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McGwire still has questions to answer
NEW YORK -- An empty chair on the dais would have been appropriate.
Cal Ripken Jr. and Tony Gwynn soaked in their new status as Hall of Famers on Wednesday, flanked by baseball officials in an ornate hotel ballroom. During the formal 45-minute portion of the news conference, Mark McGwire's name was not mentioned, as if those 583 home runs had been erased from history.
There was a large poster of Ripken on the left, a matching one of Gwynn on the right, each portraying the player batting and fielding. Posters of Goose Gossage and Jim Rice had been prepared, too, just in case they gained election.
But no poster of McGwire was necessary. Hall officials knew it wouldn't be needed.
McGwire wasn't going to be a first-ballot Hall of Famer. If he keeps up his disappearing act, evading questions about his role in baseball's Steroids Era, McGwire's poster won't ever be ordered. Like Pete Rose, McGwire might end up visiting Cooperstown only as a guest, not a member. Barry Bonds and Sammy Sosa also could find themselves on the outside looking in.
Their cases no doubt will be re-examined decades from now by historians who will try to determine why baseball's career hits leader and some of its most prodigious home run hitters were locked out of the sport's pantheon.
When given the chance two years ago to tell Congress what he did or didn't do, McGwire stonewalled. After the formal news conference Wednesday, when writers gathered around Ripken and Gwynn, questions were asked about McGwire and steroids.
While not passing judgment on McGwire, Ripken did say he'd like some answers.
"When you examine it, you would like to hear what the story is," he said. "And I'm a firm believer that the truth is the truth, and the truth will come out. Sometimes it takes a little while."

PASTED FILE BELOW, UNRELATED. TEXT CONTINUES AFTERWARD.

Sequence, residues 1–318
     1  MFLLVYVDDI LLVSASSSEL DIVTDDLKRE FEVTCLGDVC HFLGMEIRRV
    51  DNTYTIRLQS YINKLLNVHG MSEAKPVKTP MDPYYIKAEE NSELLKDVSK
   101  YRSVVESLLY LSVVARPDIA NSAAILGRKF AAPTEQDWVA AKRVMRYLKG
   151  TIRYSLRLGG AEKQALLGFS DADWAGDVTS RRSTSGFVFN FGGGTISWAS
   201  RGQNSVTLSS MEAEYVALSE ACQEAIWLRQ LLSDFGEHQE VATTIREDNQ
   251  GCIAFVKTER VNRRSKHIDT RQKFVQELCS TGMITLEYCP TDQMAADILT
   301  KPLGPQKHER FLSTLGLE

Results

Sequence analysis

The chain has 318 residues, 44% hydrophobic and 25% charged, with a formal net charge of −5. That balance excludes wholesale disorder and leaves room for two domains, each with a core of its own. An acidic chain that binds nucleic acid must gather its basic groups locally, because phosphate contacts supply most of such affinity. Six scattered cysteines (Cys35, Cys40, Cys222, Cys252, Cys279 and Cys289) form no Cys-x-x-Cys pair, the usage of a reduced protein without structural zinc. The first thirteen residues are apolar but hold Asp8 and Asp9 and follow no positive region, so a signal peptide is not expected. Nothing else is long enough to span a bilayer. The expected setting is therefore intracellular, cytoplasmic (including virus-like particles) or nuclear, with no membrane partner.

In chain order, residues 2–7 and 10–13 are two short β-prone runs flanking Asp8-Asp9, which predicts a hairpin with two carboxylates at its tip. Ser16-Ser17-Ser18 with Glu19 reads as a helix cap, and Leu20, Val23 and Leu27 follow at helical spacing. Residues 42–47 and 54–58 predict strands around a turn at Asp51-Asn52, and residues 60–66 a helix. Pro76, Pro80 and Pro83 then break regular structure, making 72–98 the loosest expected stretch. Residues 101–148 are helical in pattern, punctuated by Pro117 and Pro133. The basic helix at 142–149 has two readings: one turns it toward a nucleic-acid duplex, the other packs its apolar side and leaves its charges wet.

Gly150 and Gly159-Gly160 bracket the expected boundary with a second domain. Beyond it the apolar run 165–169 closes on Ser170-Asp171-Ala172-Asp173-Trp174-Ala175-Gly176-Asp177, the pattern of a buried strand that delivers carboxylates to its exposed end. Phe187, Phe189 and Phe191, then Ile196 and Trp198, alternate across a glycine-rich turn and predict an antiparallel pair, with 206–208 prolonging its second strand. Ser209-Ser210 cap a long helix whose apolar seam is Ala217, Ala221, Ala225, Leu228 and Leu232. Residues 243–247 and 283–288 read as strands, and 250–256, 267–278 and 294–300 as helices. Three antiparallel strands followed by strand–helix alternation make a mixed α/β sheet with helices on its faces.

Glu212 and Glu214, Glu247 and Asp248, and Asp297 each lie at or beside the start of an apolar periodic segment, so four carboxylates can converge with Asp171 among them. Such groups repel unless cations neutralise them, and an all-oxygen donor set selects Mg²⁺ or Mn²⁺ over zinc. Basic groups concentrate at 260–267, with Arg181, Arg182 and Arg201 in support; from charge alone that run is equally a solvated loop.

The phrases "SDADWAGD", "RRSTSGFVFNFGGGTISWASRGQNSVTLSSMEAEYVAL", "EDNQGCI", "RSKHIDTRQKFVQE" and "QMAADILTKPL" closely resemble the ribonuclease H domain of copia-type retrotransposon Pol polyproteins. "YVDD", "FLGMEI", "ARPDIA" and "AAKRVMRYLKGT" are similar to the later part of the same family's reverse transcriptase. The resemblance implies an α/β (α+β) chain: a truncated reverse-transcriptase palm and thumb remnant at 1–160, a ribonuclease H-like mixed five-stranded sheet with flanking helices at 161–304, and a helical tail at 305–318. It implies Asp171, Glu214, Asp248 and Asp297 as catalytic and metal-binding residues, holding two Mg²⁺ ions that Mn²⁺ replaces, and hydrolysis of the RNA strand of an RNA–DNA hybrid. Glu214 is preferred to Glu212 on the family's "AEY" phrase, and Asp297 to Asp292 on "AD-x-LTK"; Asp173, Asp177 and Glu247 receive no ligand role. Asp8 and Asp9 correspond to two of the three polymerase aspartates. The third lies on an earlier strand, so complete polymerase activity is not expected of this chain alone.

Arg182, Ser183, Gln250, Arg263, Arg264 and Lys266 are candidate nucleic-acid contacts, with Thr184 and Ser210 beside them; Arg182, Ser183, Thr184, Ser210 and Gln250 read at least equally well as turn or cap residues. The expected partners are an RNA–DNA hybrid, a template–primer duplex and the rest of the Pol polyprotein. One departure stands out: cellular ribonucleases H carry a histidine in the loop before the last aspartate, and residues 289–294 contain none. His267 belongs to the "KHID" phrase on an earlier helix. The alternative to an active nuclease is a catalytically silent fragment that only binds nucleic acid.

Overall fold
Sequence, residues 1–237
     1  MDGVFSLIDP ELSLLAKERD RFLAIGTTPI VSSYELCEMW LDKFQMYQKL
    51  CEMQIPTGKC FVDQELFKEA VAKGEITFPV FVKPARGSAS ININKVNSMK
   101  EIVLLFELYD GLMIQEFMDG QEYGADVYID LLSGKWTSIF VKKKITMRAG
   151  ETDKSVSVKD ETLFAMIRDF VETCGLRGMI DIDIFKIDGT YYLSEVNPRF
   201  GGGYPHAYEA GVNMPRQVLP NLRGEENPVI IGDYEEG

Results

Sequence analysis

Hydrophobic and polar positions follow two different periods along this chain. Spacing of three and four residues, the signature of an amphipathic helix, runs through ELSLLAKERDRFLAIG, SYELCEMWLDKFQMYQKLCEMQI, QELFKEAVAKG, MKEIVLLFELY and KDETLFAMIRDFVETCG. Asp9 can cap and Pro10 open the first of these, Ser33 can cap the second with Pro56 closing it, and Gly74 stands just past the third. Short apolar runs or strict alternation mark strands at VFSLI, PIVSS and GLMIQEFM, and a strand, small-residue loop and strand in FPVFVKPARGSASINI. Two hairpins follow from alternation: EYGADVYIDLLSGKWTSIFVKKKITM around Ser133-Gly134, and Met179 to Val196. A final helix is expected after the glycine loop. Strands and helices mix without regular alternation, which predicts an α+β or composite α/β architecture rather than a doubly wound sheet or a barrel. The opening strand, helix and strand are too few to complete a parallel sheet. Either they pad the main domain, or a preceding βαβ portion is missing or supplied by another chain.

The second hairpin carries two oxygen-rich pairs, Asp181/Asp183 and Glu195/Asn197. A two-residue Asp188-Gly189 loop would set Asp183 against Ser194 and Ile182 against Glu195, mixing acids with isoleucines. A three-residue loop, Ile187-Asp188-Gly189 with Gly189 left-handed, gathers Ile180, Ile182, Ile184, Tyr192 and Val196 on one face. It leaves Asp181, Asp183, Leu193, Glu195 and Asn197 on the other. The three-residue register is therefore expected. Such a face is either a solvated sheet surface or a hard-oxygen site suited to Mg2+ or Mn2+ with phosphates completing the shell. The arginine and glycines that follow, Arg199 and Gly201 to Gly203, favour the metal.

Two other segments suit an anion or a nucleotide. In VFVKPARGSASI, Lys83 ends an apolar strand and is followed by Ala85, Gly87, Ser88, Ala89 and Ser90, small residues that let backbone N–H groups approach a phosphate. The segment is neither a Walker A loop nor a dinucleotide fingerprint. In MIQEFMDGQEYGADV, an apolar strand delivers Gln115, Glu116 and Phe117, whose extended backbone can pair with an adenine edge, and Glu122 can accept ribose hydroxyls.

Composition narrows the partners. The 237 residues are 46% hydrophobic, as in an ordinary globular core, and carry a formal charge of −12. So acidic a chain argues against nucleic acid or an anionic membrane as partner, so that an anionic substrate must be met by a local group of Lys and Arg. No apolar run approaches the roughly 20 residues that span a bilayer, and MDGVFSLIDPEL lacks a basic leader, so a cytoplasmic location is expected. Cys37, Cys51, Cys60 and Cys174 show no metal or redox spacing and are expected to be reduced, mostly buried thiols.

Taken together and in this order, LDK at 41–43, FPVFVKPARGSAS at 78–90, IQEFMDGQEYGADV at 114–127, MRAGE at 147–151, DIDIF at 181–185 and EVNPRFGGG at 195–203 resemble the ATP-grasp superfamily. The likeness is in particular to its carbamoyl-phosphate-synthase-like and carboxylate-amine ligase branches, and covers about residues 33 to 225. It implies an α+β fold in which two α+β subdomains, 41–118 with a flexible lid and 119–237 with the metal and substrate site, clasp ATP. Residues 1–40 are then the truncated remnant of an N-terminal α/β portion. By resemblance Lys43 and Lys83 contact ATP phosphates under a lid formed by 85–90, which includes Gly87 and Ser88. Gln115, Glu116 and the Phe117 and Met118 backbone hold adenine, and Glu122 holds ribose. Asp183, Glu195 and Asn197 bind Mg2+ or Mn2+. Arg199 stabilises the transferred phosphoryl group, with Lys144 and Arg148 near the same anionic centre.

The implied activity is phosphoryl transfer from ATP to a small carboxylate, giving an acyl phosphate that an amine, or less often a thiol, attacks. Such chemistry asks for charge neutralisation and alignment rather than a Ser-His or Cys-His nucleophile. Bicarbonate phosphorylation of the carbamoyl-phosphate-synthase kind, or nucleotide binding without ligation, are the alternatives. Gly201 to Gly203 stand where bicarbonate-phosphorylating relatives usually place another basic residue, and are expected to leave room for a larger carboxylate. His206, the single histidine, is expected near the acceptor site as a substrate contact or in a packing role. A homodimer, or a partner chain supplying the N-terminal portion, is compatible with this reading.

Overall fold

With crystal chandeliers overhead and huge gold-and-blue curtains behind, Ripken and Gwynn put cream-colored baseball jerseys on, with "Hall of Fame" in red-white-and-blue script across their chests. Then they told the stories of their careers.
"There's like a gigantic halo over my head right now. I'm just like in heaven right now," Gwynn said before another of his familiar horse laughs.
He hopes McGwire is among those who get to experience the feeling. Veterans of pennant races and World Series, Ripken and Gwynn admitted being nervous before they were voted in Tuesday.
"You're staring at that phone for 15 minutes or 20 minutes, trying to will it to ring," Ripken said.
Gwynn and Ripken said they weren't tempted by performance-enhancing drugs during their careers, which ended a year before baseball players and owners agreed on rules that banned them.
"Why would you do it? Would you do it for more money? Would you do it to set records? Would you do it to prolong your career?" Gwynn said. "See, here's the thing: If you decide to go that way, do you have the Hall of Fame in mind? What is it that motivates you to do it? Is it to get a paycheck?"
Until Ken Caminiti and Jose Canseco, no stars had admitted using steroids. Baseball has a long history of trying to keep what goes on in the clubhouse from reaching the outside world.
"No player wants to be that guy to alienate himself from the rest of them," Gwynn said. "But you suspected."
Unlike Gwynn, who won eight NL batting titles, Ripken made his money as a power hitter, revolutionizing what was expected of shortstops. He said he stayed away from steroids because of "the unknown."
"I'm not someone that takes aspirin for a headache," he said. "I was able to establish myself pretty early on as a regular player and I knew that I could do it all by myself, I guess."
In the tunnel vision of major leaguers, where the best tend to focus on only what they can do to help their teams win, many players didn't know what was going on because they didn't care to look. Caminiti, who died in 2004, was Gwynn's teammate on the Padres.
"I played with him and had no idea that he was taking," Gwynn said. "I played with the man for four, five years. I was shocked when I found out he was taking."
Before 2002, baseball didn't seem to care what players digested and injected. Now it does.
For now, there are only questions, no answers. And the baseball writers who confer Hall of Fame status have spoken: No answers, no induction.